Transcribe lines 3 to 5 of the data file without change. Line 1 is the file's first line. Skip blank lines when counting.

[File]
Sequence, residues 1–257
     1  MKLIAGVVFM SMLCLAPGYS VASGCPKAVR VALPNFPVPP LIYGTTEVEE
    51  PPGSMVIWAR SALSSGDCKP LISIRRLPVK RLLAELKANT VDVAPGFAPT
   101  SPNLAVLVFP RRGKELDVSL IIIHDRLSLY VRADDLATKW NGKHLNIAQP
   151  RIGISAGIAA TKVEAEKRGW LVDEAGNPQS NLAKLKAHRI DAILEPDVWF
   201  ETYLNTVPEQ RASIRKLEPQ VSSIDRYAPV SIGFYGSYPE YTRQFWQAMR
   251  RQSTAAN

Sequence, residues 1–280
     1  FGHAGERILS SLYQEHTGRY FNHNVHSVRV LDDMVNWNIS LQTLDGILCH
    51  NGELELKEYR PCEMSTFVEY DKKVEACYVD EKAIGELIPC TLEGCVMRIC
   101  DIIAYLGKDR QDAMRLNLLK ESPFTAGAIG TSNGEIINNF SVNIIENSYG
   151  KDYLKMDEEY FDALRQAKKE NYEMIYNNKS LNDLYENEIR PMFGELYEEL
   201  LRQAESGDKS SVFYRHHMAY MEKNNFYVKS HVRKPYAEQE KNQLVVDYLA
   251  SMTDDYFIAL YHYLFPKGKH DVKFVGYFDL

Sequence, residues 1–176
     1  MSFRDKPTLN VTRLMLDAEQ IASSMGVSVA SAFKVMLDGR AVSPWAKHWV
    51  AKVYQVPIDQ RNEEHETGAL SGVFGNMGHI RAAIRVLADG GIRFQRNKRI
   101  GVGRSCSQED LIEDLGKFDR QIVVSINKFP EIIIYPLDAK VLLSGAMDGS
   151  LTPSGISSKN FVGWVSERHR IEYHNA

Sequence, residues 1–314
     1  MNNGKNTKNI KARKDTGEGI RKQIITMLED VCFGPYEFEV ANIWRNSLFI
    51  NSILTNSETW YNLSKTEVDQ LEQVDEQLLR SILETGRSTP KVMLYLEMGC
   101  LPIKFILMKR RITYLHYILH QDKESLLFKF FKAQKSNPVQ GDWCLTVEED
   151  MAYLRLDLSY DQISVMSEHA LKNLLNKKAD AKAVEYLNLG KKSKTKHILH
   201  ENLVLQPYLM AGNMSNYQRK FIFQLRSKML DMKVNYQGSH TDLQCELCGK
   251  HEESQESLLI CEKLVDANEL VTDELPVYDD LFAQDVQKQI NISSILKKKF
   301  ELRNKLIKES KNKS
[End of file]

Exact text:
    51  PPGSMVIWAR SALSSGDCKP LISIRRLPVK RLLAELKANT VDVAPGFAPT
   101  SPNLAVLVFP RRGKELDVSL IIIHDRLSLY VRADDLATKW NGKHLNIAQP
   151  RIGISAGIAA TKVEAEKRGW LVDEAGNPQS NLAKLKAHRI DAILEPDVWF